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Condurango.

Botanical name:

The bark of Gonolobus Cundurango, Triana (Marsdenia Condurango, Reichenbach) (Nat. Ord. Asclepiadaceae). South America, especially Ecuador.
Common Names: Cundurango, Eagle Vine, Mata-peroo.

Principal Constituent.—A supposed glucoside condurangin, giving also alkaloidal reactions.
Preparation.—Fluidextractum Condurango, Fluidextract of Condurango. Dose, 5 to 30 drops.

Action and Therapy.—A drug of considerable power, introduced into medicine in 1871 as a cure for syphilis and cancer of the stomach, in both of which it has but an unsustained reputation. It is thought, however, by competent clinicians, to have some retarding effect upon the latter, by its favorable action upon the mucosa. Most probably it is little more than a pain reliever in mild gastralgia and a tonic in gastric debility. It is usually administered in the form of a wine (1/2 to 1 fluidounce), or the fluidextract (5 to 30 drops.); sometimes a decoction (bark, 1/2 ounce to Water, 16 ounces, boiled down to 8 ounces) is given in tablespoonful doses 3 times a day. A little hydrochloric acid is suggested by Hare to be given with it in gastric carcinoma on account of the absence of that acid in the gastric juice under such conditions.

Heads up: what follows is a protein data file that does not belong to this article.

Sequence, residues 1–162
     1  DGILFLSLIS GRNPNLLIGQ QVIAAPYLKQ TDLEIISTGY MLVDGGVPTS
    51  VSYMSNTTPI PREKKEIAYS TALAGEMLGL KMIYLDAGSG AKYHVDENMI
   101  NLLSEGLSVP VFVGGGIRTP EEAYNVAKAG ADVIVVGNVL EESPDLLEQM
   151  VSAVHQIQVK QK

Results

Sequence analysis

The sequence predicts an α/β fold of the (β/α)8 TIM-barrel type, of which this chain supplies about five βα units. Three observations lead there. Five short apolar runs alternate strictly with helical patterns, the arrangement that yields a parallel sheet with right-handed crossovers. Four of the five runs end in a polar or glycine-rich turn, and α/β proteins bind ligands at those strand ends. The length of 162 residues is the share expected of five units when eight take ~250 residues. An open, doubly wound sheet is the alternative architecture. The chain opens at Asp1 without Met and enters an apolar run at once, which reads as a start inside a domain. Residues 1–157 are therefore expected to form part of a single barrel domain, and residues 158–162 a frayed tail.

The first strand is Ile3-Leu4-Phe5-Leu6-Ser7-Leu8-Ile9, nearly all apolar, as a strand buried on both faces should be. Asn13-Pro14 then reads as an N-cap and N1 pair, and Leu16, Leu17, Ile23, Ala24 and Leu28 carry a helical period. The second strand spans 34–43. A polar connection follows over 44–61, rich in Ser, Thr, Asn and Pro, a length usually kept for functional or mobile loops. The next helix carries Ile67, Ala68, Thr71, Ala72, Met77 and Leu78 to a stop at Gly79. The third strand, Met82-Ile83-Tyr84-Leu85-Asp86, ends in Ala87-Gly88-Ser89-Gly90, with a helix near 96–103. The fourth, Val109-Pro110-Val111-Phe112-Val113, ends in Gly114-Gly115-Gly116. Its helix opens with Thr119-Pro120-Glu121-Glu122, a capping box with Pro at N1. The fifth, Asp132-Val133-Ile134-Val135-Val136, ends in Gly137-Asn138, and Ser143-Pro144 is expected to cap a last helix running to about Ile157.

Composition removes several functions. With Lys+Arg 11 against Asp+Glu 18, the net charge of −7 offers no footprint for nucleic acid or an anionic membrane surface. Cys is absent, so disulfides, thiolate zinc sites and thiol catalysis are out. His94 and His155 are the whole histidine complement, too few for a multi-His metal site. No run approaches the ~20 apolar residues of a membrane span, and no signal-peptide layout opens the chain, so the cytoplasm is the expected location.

Condurangin acts powerfully upon the nervous system, inducing in animals, impaired appetite, vomiting, ptyalism, muscular weakness, convulsions, and paralysis.


The Eclectic Materia Medica, Pharmacology and Therapeutics, 1922, was written by Harvey Wickes Felter, M.D.



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